The wind is down and the water smooth and fast at 5:45 each morning when Kathy Patterson arrives at the Potomac Boat Club in Georgetown. With most of the city still asleep, there's a feeling of serenity and purpose that rowers claim is theirs alone. Gingerly, she lifts her single-seat shell above her head and navigates the cramped runway onto the portable dock.

The only other activity is that of her fellow PBC members, the only sounds their banter, good-natured but brief. Doctors, lawyers, students, people from all walks of life, they share the classless society of the boathouse in Georgetown and its unspoken rewards.

"Everyone thinks you're so great because you get up for practice at 5 a.m., but actually I believe that it's easier to get motivated knowing that there are other people waiting on the docks for you," says Patterson, office manager for the Oliver T. Carr Co. "In fact, one reason I enjoy rowing is because of its early-morning practice time."

Patterson began rowing as a junior at George Washington University, but she became a serious, top-flight rower after college. From 1980 until 1982, she and Julie Shaffer, a former PBC member, were the national lightweight doubles champions.

Gently placing the shell in the water, Patterson climbs in and grabs the oars. Unlike crew, in which a rower pulls just one oar, she must negotiate two and steer the shell without the aid or encouragement of a coxswain.

The training ritual begins about a hundred yards upriver at Three Sisters Island, where she changes direction and heads south past Key Bridge and the Kennedy Center to the 14th Street Bridge or National Airport, depending on her practice schedule. Scarcely resting, Patterson turns around and heads back to the PBC. A simple regimen, but difficult for anyone not in top condition. A quick shower and she's on her way to work by 8.

She likes solo sculling for recreation, but other rowers find the individual competition especially challenging.

"You don't have to depend on anyone else. It's just you against the other guy," says Joe Paduda, a graduate student at American University. "It's real obvious when you get tired. The boat just stops in the water."

As exhausting as the sport is, neither Patterson nor Paduda could give it up after college, so they joined the Potomac Boat Club, an honored if unkempt refuge for rowing addicts next to Key Bridge on Water Street.

The club is the only outfit in the area with a bit of something for everyone. For a novice, it offers just about the only place outside a few high schools and universities where you can get basic instruction plus use of a costly shell without buying your own. (Small-group or individual sculling lessons for beginners are also available at the Occoquan Boat Club, near Lorton.)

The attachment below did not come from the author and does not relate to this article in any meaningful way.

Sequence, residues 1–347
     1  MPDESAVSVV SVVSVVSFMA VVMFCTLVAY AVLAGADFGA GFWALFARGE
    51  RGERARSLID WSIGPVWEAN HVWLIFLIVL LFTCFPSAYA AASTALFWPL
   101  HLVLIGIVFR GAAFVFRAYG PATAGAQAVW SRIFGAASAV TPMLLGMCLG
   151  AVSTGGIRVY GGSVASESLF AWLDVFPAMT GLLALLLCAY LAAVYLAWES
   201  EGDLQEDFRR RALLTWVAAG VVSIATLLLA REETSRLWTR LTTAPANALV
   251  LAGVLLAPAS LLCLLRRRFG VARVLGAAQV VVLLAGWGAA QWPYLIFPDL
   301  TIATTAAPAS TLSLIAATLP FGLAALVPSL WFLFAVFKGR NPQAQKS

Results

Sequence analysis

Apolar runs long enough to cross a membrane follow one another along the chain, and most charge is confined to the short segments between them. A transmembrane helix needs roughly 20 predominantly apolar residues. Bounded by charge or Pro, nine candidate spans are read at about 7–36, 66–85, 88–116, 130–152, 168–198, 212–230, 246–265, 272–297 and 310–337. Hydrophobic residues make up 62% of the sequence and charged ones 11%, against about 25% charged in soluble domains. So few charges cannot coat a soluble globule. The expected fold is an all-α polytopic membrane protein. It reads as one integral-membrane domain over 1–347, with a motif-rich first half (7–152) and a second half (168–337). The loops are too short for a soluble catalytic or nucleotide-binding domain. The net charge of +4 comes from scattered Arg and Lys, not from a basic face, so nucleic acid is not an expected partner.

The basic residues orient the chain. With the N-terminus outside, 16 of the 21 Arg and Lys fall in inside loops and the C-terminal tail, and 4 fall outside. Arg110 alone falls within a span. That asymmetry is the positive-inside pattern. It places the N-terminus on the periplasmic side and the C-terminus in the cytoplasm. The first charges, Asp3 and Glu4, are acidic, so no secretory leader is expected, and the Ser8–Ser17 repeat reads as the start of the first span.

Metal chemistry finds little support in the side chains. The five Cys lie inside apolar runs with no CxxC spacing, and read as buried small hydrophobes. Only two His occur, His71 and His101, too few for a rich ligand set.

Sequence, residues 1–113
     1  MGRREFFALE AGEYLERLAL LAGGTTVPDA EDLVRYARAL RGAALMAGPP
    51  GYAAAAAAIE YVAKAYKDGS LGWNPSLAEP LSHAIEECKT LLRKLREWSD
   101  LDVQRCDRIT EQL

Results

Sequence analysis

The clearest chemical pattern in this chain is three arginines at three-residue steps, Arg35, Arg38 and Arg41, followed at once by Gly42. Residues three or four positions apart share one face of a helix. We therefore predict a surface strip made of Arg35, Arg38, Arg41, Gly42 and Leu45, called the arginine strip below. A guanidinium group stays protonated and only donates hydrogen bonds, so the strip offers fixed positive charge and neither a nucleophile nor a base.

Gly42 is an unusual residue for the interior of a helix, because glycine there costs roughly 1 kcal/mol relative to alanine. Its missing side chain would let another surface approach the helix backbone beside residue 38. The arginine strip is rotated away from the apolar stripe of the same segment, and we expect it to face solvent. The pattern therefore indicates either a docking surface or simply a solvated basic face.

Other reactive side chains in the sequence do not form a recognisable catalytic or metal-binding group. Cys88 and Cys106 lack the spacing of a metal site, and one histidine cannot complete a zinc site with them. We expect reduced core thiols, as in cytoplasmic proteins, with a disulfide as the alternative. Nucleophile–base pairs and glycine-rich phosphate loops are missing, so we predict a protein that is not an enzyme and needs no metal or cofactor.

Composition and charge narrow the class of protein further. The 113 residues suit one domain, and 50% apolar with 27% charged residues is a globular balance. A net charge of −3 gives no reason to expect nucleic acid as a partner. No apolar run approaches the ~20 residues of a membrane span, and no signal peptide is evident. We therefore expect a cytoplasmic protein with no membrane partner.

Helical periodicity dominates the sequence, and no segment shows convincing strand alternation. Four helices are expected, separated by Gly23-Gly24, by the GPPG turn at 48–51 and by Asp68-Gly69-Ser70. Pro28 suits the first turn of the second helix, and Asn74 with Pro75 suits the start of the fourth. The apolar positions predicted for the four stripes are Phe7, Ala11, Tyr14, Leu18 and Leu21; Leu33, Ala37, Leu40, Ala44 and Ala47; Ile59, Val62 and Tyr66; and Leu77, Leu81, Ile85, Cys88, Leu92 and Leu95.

For veterans, the Potomac Boat Club offers competition and camaraderie.

Only 80 of the club's 220 members are active competitive or recreational oarsmen. The rest, who may row only once a week or less, still stop by the second-floor outdoor porch overlooking the river just to drink a few beers and talk rowing on an afternoon.

Since rowers compete more against themselves than anyone else, there's a free exchange of strategy, technique and experi ence.

"Everyone is very helpful," Paduda says. "I row several times a week against other members just to see how I'm progressing. There's always someone around to lend a hand."

It costs $20 to join the club and quarterly fees are $36; membership is full. There's usually about a six-month wait for admission. Unlike some other prestigious East Coast clubs, the PBC has admitted women for several years and several are active in the club's leadership.

Buying a shell can be expensive -- a used single training shell is at least $700, while a new racing shell can cost several times that much. New rowers are encouraged to use borrowed or club equipment until sure of their commitment to a sport that Paduda describes this way:

"You must physically beat yourself into the ground and then make correct split- second strategic decisions while suffering oxygen debt. It's a masochistic sport, but I love it."

"I just can't seem to give it up," he says. "I . . . always seem to come back."